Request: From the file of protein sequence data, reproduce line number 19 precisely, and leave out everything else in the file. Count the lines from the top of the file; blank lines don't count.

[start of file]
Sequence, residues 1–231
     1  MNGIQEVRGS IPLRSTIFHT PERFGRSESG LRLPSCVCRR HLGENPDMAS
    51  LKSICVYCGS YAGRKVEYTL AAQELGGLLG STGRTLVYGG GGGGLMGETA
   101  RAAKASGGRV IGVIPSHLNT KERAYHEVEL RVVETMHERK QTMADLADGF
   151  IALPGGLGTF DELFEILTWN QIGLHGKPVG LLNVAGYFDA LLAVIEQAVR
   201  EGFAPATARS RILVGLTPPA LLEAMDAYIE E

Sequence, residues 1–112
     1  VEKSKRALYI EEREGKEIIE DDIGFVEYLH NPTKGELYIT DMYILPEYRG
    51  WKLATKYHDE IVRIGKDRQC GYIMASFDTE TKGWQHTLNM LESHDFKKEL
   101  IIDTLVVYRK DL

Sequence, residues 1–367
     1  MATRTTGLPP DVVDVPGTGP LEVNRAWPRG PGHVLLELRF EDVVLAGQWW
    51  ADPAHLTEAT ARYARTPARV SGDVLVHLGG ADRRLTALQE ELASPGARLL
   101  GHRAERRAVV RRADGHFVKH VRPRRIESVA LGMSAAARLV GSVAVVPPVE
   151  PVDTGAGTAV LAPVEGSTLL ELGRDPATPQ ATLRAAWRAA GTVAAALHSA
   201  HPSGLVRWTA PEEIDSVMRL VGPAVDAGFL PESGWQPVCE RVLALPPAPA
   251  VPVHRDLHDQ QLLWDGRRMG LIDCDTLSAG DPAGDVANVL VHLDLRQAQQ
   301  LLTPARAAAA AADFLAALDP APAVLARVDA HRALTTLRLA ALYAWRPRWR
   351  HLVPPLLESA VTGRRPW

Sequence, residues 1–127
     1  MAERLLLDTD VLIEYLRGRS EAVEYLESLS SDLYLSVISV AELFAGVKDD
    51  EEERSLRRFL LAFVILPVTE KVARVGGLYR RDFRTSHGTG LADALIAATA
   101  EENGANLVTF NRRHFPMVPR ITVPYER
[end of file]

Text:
   351  HLVPPLLESA VTGRRPW